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|Russian to English translations [PRO]|
|Russian term or phrase: "anzhuiskaya vecherya"|
|An example of a large-scale pogrom|
|The Anjou pogrom (?)|
In French sites, they call it "Le pogrom de 1483". I could not find any English name for it, but it happened in Anjou (French province with large Jewish settlements) in 1483:
In 1236 Christian crusaders invaded the Jewish settlements of Anjou and Poitou -- especially those at Bordeaux and Angoulкme -- and bade all Jews be baptized; when the Jews refused, the crusaders trampled 3000 to death under their horses’ hoofs. Pope Gregory IX condemned the slaughter, but did not raise the dead.
Note added at 2001-12-19 17:44:50 (GMT)
oops, something is wrong with my dates - but you can read more about the event at that site.
Selected response from:
|Even though "Angevin Massacre" or "Angevin Supper" are probably more correct technically speaking, in my context I prefer your less formal version. Lots of thanks to you and all the others. |
4 KudoZ points were awarded for this answer
25 mins confidence:
Anschluss pogrom / Night of the Broken Glass
I am not sure. Could this be referring to the Anschluss pogrom or to the Night of the Broken Glass.
Hope this helps anyway,
Pronounced As: pogrm, pogrom , Russian term, originally meaning "riot, that came to be applied to a series of violent attacks on Jews in Russia in the late 19th and early 20th cent. Pogroms were few before the assassination of Alexander II in 1881; after that, with the connivance of, or at least without hindrance from, the government, there were many pogroms throughout Russia. Soldiers and police often looked on without interfering. These pogroms encouraged the first emigration of Russian Jews to the United States. After 1882 there were few pogroms until 1903, when there was an extremely violent three-day pogrom at Chisinau resulting in the death of 45 Jews. Although it has not been conclusively proved that the czarist government organized pogroms, the government's anti-Semitic policies certainly encouraged them. After the abortive revolution of 1905, pogroms increased in number and violence. With the success of the Bolshevik Revolution, pogroms ceased in the Soviet Union; they were revived in Germany and Poland after Adolf Hitler attained power.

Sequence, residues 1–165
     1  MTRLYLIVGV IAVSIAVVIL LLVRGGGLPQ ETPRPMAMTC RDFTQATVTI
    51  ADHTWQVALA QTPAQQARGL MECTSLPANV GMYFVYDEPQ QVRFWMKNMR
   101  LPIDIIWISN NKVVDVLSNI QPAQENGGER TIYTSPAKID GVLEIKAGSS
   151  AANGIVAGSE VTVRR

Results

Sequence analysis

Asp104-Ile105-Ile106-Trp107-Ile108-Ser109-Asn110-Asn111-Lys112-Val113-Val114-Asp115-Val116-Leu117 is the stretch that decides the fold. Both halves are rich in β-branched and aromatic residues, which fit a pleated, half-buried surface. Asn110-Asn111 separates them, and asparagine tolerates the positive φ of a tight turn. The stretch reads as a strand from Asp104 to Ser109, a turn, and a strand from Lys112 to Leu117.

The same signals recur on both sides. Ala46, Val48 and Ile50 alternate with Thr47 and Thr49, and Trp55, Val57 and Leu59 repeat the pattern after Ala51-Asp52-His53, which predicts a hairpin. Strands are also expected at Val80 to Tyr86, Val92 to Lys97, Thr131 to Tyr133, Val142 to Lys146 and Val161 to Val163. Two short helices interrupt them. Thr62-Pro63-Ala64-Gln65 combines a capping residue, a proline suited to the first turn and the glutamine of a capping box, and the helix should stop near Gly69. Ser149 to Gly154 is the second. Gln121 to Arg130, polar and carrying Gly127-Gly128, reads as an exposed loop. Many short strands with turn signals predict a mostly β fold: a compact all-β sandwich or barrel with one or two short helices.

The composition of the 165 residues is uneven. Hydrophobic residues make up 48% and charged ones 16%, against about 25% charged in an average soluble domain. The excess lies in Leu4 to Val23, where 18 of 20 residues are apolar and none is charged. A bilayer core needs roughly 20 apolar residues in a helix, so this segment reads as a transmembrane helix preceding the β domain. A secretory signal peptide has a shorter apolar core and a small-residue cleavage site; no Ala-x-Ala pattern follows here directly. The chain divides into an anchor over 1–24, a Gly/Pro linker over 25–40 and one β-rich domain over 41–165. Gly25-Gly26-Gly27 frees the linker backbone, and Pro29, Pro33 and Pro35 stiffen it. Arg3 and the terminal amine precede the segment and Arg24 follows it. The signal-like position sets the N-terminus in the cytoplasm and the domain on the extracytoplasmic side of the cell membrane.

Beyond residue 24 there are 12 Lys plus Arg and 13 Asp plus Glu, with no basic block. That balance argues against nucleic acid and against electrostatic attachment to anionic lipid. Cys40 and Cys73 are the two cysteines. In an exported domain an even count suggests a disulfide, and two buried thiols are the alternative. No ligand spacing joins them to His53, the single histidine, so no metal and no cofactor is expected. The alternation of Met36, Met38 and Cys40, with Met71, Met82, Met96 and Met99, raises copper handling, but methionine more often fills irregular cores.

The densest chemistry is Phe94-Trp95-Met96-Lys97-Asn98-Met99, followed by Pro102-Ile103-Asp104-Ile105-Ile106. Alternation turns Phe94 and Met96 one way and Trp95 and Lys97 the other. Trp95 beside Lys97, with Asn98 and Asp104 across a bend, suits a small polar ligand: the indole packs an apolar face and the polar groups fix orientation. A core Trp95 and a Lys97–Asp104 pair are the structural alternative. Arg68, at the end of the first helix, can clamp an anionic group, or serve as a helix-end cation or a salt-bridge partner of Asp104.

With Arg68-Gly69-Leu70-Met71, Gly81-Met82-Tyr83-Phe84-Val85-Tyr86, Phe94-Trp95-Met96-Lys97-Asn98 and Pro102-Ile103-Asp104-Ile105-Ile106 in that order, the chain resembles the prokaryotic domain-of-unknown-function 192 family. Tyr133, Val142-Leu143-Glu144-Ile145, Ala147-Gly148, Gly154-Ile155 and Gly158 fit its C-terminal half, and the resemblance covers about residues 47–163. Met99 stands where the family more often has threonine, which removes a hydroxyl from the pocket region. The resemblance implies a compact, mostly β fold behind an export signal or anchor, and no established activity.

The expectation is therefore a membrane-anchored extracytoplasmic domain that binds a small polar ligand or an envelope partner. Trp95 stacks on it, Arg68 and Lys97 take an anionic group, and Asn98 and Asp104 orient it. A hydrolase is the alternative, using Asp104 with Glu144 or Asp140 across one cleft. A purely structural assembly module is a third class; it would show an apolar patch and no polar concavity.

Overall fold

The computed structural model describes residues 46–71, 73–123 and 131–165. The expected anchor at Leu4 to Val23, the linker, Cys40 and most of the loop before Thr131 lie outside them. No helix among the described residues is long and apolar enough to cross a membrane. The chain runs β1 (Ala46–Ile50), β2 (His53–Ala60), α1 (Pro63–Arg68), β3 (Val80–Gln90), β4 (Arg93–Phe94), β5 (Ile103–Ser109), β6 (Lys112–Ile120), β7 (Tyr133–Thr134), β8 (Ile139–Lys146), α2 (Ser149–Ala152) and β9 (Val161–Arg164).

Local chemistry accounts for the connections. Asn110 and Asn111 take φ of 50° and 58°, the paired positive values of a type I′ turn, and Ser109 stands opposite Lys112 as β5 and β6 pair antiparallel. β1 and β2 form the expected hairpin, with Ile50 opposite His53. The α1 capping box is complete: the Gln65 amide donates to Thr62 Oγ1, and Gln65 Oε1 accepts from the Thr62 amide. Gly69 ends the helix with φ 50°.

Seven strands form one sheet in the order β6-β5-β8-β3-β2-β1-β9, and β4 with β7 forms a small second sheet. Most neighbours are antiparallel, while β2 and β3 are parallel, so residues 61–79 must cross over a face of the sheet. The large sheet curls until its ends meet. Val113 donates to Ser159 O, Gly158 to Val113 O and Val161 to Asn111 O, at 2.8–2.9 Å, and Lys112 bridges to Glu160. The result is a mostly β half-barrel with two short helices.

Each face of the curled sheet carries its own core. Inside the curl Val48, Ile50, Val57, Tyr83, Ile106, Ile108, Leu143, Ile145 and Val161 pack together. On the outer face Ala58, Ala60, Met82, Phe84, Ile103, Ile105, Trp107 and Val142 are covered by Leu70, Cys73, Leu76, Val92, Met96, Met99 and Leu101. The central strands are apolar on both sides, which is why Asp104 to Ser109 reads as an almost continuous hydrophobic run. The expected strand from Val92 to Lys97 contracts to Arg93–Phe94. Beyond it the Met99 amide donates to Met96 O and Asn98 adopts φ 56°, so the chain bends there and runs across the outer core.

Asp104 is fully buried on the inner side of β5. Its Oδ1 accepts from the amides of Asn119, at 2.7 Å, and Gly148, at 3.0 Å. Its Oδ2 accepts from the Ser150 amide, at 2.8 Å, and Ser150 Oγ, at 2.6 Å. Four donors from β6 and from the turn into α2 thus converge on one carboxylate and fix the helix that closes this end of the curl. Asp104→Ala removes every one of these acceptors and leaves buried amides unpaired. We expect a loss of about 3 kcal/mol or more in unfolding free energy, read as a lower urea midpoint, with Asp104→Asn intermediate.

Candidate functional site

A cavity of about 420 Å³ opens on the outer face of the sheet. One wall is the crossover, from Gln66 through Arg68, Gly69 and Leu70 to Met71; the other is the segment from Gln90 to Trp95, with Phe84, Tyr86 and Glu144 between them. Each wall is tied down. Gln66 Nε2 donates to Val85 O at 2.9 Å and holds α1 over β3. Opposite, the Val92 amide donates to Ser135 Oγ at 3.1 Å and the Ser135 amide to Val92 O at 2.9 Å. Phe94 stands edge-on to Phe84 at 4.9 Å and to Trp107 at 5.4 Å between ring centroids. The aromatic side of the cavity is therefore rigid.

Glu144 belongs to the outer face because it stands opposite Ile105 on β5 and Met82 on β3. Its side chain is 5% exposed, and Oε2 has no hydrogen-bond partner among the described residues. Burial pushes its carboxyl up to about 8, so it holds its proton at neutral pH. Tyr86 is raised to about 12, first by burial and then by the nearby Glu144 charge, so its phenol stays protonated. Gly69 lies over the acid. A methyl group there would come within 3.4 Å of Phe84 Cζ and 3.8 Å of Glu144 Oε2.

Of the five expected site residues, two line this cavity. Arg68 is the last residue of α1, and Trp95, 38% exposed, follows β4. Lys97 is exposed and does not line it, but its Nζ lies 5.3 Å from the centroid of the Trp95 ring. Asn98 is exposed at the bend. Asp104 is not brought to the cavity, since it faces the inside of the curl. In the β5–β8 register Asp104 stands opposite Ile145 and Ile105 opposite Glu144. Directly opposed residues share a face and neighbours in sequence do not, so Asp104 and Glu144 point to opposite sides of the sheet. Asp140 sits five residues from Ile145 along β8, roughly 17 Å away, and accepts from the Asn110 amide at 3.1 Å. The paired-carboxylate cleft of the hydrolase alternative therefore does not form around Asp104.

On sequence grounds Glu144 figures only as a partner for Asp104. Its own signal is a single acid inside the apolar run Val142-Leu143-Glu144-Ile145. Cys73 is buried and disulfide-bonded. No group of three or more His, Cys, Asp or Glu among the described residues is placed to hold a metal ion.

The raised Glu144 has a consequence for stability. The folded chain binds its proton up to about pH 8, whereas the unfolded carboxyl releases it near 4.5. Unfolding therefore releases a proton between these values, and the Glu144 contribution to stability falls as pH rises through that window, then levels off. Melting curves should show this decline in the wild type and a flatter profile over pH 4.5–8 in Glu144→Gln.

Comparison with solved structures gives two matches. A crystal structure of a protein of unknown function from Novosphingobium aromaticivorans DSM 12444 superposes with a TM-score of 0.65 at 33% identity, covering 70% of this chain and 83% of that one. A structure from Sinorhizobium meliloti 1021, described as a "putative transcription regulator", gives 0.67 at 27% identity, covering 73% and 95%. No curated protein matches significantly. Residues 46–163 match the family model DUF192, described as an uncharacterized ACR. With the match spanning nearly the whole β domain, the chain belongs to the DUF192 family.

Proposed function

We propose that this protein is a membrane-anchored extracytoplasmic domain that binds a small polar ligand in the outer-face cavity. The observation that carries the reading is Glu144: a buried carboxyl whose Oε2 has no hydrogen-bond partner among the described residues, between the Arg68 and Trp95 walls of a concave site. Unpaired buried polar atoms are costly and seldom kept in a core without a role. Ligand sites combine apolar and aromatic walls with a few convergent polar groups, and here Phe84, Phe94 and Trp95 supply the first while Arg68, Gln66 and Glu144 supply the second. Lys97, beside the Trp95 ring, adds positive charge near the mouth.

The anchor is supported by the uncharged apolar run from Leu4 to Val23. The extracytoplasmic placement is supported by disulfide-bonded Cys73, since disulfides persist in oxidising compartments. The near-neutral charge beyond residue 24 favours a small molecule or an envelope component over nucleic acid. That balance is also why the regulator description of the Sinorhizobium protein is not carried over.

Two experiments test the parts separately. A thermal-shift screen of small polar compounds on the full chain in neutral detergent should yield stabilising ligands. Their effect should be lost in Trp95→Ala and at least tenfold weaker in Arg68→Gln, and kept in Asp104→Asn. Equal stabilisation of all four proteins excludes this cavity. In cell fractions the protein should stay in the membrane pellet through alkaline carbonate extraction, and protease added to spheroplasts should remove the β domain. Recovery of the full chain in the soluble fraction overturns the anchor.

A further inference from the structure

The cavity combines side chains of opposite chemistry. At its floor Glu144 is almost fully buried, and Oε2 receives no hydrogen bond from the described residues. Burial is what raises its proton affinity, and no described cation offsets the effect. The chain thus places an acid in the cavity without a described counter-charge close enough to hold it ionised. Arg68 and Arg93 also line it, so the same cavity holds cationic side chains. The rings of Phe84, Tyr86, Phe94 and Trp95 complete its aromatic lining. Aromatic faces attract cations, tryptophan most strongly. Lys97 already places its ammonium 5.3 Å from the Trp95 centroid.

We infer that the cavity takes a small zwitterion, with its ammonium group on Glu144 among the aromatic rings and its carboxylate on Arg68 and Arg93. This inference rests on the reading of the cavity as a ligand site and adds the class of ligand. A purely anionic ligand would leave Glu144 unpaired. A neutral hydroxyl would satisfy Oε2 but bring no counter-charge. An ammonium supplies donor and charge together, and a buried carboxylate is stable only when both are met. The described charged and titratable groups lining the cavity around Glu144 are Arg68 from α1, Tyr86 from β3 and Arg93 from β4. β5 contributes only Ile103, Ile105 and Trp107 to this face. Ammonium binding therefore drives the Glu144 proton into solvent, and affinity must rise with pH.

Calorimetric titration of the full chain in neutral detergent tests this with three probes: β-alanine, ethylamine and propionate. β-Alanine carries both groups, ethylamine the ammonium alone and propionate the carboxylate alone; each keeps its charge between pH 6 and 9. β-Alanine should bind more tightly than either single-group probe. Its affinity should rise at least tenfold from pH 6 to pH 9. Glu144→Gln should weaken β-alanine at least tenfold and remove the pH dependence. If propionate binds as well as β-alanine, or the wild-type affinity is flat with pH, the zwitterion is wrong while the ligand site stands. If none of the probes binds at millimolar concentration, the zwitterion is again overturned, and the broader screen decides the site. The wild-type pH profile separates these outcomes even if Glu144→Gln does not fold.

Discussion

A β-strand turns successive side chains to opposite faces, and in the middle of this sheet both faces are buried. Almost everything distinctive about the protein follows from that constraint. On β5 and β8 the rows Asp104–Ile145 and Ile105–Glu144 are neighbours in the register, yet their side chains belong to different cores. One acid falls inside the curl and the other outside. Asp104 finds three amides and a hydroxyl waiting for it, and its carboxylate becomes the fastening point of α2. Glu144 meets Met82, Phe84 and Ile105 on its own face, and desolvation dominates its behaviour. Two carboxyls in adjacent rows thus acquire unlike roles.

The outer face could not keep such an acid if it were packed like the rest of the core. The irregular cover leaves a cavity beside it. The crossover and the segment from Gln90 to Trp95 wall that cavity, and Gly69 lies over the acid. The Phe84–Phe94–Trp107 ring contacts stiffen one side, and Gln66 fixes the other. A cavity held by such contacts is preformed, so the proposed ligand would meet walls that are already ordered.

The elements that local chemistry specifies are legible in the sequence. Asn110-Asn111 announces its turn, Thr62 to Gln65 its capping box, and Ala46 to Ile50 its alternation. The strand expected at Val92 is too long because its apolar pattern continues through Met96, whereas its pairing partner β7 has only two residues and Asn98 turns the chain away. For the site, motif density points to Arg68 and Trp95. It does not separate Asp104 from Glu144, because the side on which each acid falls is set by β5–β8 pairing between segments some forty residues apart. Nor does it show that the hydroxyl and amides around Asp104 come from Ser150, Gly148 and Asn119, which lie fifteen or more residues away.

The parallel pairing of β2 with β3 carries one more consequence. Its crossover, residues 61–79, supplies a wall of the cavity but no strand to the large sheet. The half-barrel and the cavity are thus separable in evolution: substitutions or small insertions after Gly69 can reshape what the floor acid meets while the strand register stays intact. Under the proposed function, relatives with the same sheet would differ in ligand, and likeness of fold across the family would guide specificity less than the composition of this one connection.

*The Year 1938: from "Anschluss" to November pogrom
The "Anschluss" pogrom of 1938: Suicide as the only way out
When the German army's invasion of Austria began at 5.30 a.m. on March 12, 1938, violence against the Jewish population of Austria broke out: windows of houses and shops were smashed, and SA men, members of the Hitler Youth and people, whose sole authority was a swatika armband or a Nazi badge, arrested, beat and humiliated Jewish men and women, and forced them to scrub pavements and the like. During the first few weeks after the "Anschluss", Jews in Austria were considered fair game. Hatred, an arrogance steeped in a belief in a superior "Aryan master race", envy and "socially acceptable" anti-Semitism were expressed through violence and a crucible against the Jews that was reminiscent of the Middle Ages.
A Pogrom in Germany and Austria
("Crystal Night" or "Night of the Broken Glass"), pogrom conducted throughout Germany and Austria on November 9 and 10, 1938. It was officially presented as a spontaneous outburst provoked by the assassination of the third secretary of the German embassy in Paris, Ernst vom Rath, by a seventeen - year - old Polish Jew, Herschel Grynszpan. The name Kristallnacht comes from Kristallglas (beveled plate glass) and refers to the broken shop windows of Jewish stores.
| Sheila Hardie|
Local time: 02:24
Native speaker of: English
PRO pts in pair: 4
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